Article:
When you look at the NFC West divisional quarterbacks, there is one team that stands out, and that is the Rams. Sam Bradford is one of the young, elite quarterbacks in the NFL, and is the best in the division. With the 2011 NFL draft completed and neither Seattle nor Arizona choosing a signal caller (and with free agency on hold because of the lockout), the big question remains for those teams that didn’t draft or re-sign their quarterbacks to a long term deal: Who will be at the helm?
The NFL is a quarterback-driven league. It has become a passing league and if you don’t have a good quarterback, the chances of your team being competitive or consistently battling for the division crown every year are slim and none.
While St. Louis is set, Arizona, Seattle and San Francisco still have major question marks and issues at the position. With the arrival of head coach Jim Harbaugh in San Francisco, the vacancy at the quarterback position may be filled. Harbaugh finds free agent Alex Smith intriguing after close evaluation and feels he is the quarterback to lead his team. With free agency on hold until the lockout is lifted, Smith made an indirect statement that there’s a good chance he will return to the 49ers for his seventh season.
Seattle and Arizona could find themselves in a bidding war over Philadelphia Eagles backup Kevin Kolb. He seems to be the prime player that teams are willing to trade away several draft picks for in order to secure a quarterback that has flashed ability when given the opportunity.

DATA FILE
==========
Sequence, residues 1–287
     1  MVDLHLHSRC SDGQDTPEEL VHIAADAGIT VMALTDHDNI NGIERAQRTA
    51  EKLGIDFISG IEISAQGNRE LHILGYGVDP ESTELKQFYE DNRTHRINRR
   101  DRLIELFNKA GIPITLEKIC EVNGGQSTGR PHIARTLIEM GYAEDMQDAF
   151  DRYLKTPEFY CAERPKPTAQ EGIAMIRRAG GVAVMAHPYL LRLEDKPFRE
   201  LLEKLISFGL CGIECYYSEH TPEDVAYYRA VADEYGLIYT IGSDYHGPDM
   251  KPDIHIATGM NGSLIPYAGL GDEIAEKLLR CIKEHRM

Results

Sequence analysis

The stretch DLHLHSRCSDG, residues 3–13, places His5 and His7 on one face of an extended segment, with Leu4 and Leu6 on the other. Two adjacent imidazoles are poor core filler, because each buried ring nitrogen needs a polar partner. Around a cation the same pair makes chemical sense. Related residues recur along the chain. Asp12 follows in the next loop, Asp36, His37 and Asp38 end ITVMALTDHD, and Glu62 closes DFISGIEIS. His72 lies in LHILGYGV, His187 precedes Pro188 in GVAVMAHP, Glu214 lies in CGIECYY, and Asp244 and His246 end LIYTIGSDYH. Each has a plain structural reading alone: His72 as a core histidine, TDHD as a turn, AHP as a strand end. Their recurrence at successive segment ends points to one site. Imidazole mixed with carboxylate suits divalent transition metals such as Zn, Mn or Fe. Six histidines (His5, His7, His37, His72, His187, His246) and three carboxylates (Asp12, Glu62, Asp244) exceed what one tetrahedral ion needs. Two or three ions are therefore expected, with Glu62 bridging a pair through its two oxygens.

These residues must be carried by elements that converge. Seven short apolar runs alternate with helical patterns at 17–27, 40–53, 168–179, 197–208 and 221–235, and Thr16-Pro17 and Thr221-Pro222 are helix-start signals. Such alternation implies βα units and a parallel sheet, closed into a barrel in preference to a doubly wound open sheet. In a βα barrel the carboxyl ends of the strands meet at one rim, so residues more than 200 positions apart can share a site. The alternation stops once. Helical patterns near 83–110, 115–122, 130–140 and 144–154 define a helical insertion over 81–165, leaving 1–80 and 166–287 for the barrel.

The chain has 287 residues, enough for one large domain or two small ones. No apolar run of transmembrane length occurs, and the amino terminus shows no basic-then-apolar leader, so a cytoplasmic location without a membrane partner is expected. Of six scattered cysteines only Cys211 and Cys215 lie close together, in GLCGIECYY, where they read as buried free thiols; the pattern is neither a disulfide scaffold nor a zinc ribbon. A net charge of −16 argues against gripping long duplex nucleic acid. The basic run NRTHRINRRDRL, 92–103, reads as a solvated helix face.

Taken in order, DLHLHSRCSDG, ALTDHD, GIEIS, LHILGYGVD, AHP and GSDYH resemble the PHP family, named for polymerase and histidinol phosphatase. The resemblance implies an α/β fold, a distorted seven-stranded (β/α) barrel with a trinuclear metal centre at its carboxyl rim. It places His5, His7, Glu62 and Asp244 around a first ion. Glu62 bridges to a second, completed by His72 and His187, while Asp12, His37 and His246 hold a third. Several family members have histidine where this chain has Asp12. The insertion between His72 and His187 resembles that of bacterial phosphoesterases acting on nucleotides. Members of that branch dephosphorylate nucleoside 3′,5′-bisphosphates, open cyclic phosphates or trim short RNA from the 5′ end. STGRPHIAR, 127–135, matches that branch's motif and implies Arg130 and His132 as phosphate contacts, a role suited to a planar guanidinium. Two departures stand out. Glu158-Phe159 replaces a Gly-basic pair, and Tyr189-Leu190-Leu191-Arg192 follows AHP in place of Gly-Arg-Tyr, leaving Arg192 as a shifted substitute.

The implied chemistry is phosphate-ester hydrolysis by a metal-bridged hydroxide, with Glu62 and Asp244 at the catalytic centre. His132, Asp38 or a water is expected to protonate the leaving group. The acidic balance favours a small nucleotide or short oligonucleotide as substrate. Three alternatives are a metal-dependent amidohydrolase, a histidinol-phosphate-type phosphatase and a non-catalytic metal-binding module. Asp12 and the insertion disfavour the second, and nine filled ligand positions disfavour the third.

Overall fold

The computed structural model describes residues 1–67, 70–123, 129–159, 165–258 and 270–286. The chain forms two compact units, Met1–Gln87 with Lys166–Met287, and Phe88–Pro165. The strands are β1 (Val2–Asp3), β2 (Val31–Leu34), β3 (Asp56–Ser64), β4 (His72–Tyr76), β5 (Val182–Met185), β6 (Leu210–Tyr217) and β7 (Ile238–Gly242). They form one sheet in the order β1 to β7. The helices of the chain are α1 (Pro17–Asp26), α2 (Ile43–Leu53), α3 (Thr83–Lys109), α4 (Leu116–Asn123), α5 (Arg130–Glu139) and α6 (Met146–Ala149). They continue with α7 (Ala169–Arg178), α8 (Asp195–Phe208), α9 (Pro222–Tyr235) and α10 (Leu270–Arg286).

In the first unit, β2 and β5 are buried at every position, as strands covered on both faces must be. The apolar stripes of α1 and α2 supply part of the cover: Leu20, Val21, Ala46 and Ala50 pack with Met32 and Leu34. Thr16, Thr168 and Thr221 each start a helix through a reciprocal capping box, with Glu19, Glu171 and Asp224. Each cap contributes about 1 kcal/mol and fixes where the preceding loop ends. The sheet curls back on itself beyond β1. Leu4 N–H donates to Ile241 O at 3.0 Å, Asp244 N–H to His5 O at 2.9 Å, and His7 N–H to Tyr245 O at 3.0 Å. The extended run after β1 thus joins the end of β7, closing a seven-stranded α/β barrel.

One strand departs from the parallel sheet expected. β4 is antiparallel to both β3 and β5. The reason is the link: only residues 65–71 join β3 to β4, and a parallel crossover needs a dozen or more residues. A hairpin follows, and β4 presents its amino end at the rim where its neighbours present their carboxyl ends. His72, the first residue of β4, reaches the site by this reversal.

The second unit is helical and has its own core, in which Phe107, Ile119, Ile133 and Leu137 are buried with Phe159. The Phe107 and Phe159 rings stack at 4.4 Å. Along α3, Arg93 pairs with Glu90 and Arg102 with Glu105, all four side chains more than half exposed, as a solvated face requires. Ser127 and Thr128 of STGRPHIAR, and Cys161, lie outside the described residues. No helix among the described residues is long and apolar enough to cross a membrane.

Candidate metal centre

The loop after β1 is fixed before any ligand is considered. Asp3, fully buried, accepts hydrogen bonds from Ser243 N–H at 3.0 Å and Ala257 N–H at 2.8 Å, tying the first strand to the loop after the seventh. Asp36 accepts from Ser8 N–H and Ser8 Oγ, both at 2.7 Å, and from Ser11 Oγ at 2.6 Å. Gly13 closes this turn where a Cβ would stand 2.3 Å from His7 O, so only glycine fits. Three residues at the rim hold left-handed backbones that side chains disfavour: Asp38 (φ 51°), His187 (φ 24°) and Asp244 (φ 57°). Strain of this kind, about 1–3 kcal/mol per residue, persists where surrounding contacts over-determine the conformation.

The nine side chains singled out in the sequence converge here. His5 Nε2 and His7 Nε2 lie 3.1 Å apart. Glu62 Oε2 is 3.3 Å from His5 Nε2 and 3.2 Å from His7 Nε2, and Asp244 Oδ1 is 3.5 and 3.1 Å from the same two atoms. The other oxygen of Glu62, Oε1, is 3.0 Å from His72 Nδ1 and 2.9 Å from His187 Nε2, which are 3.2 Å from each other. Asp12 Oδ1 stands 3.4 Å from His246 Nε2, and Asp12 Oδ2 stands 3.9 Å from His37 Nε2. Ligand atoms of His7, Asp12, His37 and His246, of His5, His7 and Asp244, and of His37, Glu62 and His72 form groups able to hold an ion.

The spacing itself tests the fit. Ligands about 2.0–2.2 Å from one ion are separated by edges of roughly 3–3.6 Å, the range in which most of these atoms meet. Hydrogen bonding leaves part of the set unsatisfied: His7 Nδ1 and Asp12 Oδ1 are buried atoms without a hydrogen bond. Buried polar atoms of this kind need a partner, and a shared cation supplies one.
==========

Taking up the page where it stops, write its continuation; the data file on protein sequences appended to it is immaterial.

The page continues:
The Cardinals decided not to select a top quarterback in the 2011 draft, but snagged the best player in the draft in my opinion in corner and return specialist Patrick Peterson. Now they find themselves wondering and hoping, posturing with the agents while showing major interest in several quarterback options.
Arizona is in the hunt for Kolb and Kyle Orton, who is presently on Denver’s roster. Marc Bulger was rumored to be headed there last season, but ownership rejected the transaction. A backup to Joe Flacco with the Baltimore Ravens, he is in the right spot as a No. 2. Shell-shocked quarterbacks really struggle with happy feet and give up on a play rather than stand in there and throw under pressure.
While the Seahawks took a page out of Bill Walsh’s draft philosophy and secured two offensive linemen with their first two picks, the reigning NFC West champions are going about their business to develop a ball-control offense by establishing the run first, and hiring Tom Cable as the offensive line coach is the cherry on top.
With that said they are still in desperate need for a quarterback. Charlie Whitehurst did a great job managing the team when defeating the Rams in the season finale to bring the NFC West crown back to the Pacific Northwest, but he is not the future for the Seahawks.
The Seahawks are quietly shopping for a quarterback, while keeping free agent and aged veteran Matt Hasselbeck alive with some interest in having him back. Other names are Kolb and Carson Palmer, the Cincinnati Bengals outcast who states he will retire before going back and playing for the Brown family.
The problem with Palmer’s situation is his agent is demanding a trade, and the organization is dug in like a tick and plans on keeping his rights. With several injuries to his knee and shoulder, despite a productive season in 2010, he doesn’t have a lot left in the tank or several teams would be ringing the phone off the hook.
There are no quarterbacks in free agency that could step in and take the helm and steer the ship into the playoffs. Seattle can’t afford to take a step backward after winning the NFC West, and must continue to move forward.
Arizona is also looking for a home-run hitter. With the best receiver in the division (Larry Fitzgerald), a scrappy defense and a two-headed monster at running back this team is a quarterback away from competing for the NFC West title.
While the NFC West was the worst division in football in 2010 and maybe, just maybe, the worst in NFL history, the addition of a few quarterbacks might lead to it developing quickly into the top division in the NFC.